Rusty Nails and Coffee Grounds
By Connie Moore
Ginger ale in cut flowers. Epsom salts in the watering can. Rusty nails in African violet pots. Odd remedies perhaps, but the results can be amazing.
For years, gardeners have been using household products to boost the growth and blooming of houseplants. A woman in California uses water drained from soaking bean sprouts to boost her Christmas cactus. She eats the sprouts, the cactus drinks the water.
A local reader of my newspaper column informed me she puts pencil shavings from her children’s pencil sharpener on top of the soil around her houseplants. She claims it repels aphids and mites. Another reader works a spoonful of used coffee grounds in the soil of large houseplants such as pothos, dracaena and ferns to keep the soil loose, much like our mulching the garden.
We try these ideas whenever possible, enjoying houseplants, knowing they make a valuable contribution to a healthy, pleasant home. We’ve had a wide variety of plants throughout the years. Some do well, others don’t.
My grandmother always kept African violets. For years we tried them to no avail. Then a friend whose windowsills were overflowing with blooming violets mentioned that her pots had rusty nails in them. Rifling through cans of rusted nails in the garage, we planted them in the violets. The violets thrived, blooming almost continually.
From my childhood I remember vines of pothos wrapped ‘round and ‘round large pots here and there in the house. Upon moving ten years ago, I tossed out the one sickly pot that came with us from our old place, only to find hubby digging it out of the trash. He nurtured, repotted and watered it with chlorinated water and dug in some coffee grounds. Last winter we had to shift the winding tendrils across the carpet as it headed for the front door and beyond.
Orchids didn’t do well in my first apartment, but pothos and fern did. I even accepted a hand-me-down flowering Maple, four feet tall. It did well with coffee grounds. There have been Boston ferns and Dallas ferns, palm trees, philodendrons, angel-wing begonias, pine trees. At present, the table is full of Christmas cactus. Hubby’s pothos was split and some crawls along the wall in the kitchen. Coffee grounds still nourish it. The cacti have to do without the bean sprout water, we’re not much on sprouts. Muffins go well with morning coffee. Remember to save the grounds.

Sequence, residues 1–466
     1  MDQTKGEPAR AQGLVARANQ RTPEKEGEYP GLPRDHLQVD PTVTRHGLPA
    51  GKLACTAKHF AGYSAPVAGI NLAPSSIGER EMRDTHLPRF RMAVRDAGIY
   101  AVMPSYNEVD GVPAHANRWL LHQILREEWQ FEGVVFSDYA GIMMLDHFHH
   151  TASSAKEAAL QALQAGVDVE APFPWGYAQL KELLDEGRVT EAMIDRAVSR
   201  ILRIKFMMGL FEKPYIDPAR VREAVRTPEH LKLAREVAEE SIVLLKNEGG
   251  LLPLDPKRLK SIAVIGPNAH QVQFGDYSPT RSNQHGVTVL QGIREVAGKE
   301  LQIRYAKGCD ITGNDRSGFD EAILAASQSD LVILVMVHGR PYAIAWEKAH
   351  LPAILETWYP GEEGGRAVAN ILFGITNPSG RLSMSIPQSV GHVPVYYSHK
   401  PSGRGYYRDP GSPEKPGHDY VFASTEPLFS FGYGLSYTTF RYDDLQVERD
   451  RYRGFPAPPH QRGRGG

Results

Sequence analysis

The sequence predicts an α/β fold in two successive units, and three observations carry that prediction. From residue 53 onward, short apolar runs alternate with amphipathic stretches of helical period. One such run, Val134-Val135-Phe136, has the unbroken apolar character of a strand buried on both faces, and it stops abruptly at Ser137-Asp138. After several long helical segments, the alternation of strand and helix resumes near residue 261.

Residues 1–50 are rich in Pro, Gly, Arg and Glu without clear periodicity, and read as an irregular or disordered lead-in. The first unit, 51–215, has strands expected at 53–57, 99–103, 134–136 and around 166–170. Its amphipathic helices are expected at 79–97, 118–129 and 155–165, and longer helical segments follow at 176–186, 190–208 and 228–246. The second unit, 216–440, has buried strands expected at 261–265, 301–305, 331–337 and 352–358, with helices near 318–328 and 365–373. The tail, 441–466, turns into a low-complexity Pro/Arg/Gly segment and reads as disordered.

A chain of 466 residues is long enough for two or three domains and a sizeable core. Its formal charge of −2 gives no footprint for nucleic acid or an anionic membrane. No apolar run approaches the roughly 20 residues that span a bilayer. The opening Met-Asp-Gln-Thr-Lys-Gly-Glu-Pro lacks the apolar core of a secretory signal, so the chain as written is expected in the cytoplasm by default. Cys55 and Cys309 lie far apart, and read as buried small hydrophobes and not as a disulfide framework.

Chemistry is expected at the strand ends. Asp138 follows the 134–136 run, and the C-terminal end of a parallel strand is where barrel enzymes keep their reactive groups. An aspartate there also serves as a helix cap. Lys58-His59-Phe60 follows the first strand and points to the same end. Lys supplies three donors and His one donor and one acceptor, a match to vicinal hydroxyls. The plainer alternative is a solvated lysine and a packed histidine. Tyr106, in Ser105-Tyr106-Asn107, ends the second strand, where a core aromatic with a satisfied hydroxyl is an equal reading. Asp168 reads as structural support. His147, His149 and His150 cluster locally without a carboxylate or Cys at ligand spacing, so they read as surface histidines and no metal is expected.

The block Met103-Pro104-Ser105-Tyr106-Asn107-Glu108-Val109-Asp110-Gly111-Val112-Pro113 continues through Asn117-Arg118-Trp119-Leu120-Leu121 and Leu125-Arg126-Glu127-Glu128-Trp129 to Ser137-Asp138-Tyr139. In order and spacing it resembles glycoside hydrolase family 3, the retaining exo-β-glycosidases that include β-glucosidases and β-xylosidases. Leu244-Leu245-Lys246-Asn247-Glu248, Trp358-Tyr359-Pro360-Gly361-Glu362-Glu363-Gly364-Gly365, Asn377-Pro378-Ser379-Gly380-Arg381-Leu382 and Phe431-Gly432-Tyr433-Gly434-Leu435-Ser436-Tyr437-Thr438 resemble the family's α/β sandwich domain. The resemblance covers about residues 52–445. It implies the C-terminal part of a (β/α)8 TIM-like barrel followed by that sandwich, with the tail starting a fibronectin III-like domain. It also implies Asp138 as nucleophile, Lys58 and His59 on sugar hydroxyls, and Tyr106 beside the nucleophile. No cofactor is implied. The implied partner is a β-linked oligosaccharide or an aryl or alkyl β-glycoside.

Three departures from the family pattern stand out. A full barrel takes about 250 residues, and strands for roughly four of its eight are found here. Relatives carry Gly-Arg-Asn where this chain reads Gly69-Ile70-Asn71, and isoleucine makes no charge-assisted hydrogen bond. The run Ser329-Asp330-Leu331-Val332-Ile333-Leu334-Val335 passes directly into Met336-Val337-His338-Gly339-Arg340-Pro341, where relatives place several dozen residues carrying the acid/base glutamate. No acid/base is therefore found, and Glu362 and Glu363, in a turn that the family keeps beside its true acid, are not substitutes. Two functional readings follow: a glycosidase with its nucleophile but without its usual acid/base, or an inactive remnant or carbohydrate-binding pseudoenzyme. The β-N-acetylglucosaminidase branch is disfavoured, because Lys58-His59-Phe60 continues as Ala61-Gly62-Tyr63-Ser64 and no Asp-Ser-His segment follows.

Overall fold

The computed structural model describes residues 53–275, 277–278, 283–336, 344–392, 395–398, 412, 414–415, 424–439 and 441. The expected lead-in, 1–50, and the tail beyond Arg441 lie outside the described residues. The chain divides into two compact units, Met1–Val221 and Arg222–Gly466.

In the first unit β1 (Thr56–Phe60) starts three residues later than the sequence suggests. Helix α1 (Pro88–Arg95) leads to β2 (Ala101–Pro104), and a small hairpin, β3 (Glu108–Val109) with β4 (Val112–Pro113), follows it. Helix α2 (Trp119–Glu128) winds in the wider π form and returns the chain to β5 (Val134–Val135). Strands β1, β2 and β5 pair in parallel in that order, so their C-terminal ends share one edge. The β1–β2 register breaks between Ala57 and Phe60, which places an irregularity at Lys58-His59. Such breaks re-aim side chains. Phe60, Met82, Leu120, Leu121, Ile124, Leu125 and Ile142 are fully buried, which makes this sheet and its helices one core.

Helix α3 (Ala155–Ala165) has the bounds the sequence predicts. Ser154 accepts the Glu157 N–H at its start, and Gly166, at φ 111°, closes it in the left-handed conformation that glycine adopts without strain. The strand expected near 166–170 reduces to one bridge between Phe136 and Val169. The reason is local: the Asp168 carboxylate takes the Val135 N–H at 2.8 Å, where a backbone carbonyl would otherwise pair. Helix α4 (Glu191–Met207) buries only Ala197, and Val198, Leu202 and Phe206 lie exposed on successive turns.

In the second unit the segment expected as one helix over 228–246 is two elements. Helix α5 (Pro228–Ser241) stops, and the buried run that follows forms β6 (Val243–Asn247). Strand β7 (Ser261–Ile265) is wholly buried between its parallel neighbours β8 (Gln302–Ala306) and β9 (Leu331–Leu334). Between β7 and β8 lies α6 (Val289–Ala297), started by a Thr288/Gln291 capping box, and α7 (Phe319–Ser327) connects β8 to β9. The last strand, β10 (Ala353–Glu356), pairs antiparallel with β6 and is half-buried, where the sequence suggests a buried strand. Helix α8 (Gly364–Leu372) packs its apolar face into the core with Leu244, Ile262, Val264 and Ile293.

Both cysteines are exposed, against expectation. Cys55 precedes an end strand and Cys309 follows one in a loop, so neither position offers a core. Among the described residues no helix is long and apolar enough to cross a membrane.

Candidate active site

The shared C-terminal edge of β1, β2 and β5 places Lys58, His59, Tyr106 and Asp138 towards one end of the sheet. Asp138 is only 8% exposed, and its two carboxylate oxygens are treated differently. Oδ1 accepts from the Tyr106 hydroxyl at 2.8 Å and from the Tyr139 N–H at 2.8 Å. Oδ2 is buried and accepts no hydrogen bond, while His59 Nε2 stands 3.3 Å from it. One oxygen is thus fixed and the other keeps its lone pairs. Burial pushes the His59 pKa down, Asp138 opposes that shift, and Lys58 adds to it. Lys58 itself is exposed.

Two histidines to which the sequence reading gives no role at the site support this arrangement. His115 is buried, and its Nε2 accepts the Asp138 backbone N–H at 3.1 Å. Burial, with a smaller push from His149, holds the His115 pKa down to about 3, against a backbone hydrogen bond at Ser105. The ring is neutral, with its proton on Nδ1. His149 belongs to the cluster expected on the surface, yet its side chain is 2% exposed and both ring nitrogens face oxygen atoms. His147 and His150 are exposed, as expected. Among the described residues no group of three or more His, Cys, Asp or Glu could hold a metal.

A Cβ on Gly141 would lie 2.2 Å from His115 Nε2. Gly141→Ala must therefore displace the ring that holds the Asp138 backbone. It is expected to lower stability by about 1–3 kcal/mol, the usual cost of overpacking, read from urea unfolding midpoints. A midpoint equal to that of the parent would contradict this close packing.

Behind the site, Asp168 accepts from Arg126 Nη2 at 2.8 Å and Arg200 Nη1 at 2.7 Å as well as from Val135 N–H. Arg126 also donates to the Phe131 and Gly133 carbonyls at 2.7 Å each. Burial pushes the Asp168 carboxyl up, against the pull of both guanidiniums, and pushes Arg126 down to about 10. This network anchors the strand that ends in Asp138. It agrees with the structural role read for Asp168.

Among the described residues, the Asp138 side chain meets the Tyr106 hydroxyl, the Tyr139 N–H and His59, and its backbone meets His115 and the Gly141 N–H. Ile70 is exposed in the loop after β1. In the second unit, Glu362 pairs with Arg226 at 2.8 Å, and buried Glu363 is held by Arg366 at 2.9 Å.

1-3/4 cups flour
1 teaspoon baking soda
1/2 teaspoon salt
1/4 cup vegetable oil
1 large egg
1 cup sour cream
1 cup sugar
1 cup frozen blueberries or one cup diced, drained peaches
Preheat oven to 400 degrees. Grease or line with cupcake papers a 12-cup muffin pan.
In mixing bowl, combine flour, soda and salt. In another bowl, beat together oil, egg, sour cream and sugar.
Stir wet ingredients into dry. Stir in fruit. Batter will be very thick. Divide it between the muffin cups. Bake for 20 minutes or until a toothpick inserted in center of muffin comes out clean. Remove muffins from pan and cool.
Valuable plant families, nightshades, browallia speciosa are ornamental flowers and edible, useful in garden and kitchen.
Spring Color Starts in the Fall
Use the fall to plan for spring flowers, plant bulbs, care for containers, daffodils, crocus, geums, anemones, snowdrops, hyacinths
Hydrangeas have captured my attention lately. They are showy, happy flowers that have the power to change color depending on what type of soil they are grown in.